The Airbnb Host Endowment wouldn't turn hosts into investors in the IPO. But by earmarking 9.2 million shares to fund the endowment, it may counteract the feeling among a few hosts that going public would only benefit elite investors and employees. It's a clever and creative move by Airbnb, but more fundamental host issues remain.
Airbnb is creating a host endowment fund, which is an effort to mend host relations, and to assure them that the company’s pending initial public offering would not just be benefiting investors and employees with stock options.
Airbnb co-founder and CEO Brian Chesky announced Friday that it plans to fund the endowment with 9.2 million Airbnb shares, and it would start investing the endowment in educational and financial support for hosts when the fund breaks the $1 billion mark.
“With the Airbnb Host Endowment, we want you to share in our success – not merely at a single moment in time, but for as long as Airbnb exists,” the company said.
Airbnb has taken a series of steps since the spring, when it initially alienated many of its 4 million hosts by unilaterally refunding guest monies during the Covid crisis, leaving many hosts empty-handed. The company subsequently created several funds to benefit hosts, and co-founder and Chesky vowed to mend relations.
Airbnb will create a diverse host advisory board to provide input on how the endowment gets spent, with the names of advisory board members to be publicized before the end of the year. Airbnb, though, will control where the money goes.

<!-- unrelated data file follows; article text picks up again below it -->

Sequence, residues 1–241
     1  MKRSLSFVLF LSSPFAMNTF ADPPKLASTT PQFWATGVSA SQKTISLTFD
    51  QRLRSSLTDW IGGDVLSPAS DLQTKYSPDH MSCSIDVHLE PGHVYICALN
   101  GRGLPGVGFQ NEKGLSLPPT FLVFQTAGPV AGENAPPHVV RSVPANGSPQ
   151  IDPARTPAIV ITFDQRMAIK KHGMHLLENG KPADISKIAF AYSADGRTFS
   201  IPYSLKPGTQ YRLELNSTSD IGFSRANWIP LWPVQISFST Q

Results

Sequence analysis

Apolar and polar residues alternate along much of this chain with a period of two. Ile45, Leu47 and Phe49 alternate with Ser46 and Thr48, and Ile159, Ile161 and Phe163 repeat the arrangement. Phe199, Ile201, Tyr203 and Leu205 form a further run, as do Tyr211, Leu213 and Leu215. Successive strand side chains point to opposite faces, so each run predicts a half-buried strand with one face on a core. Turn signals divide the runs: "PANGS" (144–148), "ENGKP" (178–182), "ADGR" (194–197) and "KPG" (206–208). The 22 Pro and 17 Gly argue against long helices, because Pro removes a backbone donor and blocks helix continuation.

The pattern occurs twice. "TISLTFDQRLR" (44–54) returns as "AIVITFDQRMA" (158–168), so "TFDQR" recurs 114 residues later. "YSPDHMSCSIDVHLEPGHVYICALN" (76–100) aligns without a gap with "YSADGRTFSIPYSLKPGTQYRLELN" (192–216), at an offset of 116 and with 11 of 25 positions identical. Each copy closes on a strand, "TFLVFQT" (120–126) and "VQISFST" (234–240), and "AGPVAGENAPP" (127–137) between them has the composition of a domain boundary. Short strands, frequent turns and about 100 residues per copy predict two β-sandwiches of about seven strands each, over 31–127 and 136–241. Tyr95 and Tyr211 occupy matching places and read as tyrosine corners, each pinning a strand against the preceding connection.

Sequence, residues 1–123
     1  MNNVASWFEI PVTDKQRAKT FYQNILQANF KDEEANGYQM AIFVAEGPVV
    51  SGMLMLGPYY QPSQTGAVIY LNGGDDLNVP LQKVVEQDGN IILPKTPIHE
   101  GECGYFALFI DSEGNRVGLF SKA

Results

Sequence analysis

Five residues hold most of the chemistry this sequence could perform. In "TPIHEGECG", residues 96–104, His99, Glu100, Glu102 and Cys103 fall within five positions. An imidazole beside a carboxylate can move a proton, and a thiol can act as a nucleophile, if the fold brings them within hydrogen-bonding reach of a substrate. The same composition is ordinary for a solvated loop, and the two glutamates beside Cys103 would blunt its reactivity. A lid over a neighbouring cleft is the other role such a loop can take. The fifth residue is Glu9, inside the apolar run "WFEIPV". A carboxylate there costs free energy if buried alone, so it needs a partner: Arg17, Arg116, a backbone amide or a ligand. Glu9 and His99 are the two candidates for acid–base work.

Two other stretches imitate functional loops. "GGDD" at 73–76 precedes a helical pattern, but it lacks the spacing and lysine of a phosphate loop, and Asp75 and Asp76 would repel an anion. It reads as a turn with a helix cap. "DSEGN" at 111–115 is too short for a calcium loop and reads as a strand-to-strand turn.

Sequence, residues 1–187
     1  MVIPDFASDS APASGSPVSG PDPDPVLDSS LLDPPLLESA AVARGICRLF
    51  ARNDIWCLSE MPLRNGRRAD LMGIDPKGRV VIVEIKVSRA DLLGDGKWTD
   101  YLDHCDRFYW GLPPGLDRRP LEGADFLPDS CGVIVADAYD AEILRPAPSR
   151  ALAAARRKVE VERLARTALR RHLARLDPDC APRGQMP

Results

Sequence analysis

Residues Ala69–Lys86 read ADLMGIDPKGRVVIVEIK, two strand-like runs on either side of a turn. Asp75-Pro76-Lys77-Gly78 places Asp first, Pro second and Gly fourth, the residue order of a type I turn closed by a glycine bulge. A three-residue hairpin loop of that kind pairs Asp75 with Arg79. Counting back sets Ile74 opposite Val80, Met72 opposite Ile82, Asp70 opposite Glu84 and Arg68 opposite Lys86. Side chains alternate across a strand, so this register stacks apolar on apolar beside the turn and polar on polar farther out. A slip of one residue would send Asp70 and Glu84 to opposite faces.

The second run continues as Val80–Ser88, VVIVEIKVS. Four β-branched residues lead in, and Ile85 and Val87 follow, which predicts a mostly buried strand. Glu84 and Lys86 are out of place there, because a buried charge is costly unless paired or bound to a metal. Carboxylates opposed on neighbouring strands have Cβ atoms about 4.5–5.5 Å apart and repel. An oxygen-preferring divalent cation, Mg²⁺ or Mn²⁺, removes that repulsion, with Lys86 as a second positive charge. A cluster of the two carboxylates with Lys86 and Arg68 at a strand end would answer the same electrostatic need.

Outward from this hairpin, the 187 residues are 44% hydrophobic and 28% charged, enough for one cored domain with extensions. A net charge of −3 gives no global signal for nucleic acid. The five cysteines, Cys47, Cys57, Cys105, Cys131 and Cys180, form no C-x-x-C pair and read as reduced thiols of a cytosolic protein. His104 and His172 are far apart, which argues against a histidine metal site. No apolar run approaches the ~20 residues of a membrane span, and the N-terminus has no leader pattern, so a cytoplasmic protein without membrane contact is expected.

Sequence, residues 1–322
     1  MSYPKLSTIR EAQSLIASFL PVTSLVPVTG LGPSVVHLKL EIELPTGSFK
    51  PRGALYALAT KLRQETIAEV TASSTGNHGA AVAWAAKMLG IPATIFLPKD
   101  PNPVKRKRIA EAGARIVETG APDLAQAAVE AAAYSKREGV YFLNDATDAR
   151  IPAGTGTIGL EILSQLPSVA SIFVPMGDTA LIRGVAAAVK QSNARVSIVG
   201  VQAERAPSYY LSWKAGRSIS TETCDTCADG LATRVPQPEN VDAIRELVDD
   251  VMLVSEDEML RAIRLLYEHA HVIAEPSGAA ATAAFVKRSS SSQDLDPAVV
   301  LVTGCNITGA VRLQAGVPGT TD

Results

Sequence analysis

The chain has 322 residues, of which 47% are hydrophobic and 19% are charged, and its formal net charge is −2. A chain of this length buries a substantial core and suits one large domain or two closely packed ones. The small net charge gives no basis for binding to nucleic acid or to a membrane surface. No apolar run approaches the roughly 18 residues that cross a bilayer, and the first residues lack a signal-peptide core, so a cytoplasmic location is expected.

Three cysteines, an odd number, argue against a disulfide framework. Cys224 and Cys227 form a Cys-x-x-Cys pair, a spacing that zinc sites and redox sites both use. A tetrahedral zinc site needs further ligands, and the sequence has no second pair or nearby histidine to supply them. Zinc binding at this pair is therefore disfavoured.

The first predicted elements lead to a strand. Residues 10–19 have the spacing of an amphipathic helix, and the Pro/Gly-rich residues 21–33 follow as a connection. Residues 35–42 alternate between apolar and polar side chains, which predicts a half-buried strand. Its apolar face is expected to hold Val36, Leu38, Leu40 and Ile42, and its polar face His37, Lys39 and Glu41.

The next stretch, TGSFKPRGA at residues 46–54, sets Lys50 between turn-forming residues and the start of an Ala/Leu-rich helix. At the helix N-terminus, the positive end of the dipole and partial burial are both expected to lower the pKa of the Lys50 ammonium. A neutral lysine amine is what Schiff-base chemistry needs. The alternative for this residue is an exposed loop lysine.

There was one piece of fluff at the end of the announcement.
“Last month, I met with a host named Dorian from Oakland, California,” Chesky wrote. “Dorian is a jewelry designer, and she and her husband host guests in the extra bedrooms in their home. Their favorite part of hosting is meeting their guests and discovering the commonalities they share. Dorian told me, ‘I love the feeling that the world is not that large of a place after all.'”
Chesky thanked Dorian and the company’s 4 million hosts “for making this world feel smaller.”
The anecdote about the couple renting out extra bedrooms belies the fact that the host ecosystem on Airbnb has gone increasingly corporate — and that’s one of the company’s customer-experience challenges in the run-up to its expected initial public offering.
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Photo credit: Airbnb co-founder and CEO Brian Chesky (center) posed with some San Francisco hosts after breakfast on June 3, 2015. Airbnb is creating an endowment fund to benefit hosts. Kevin Krejci / Flickr.com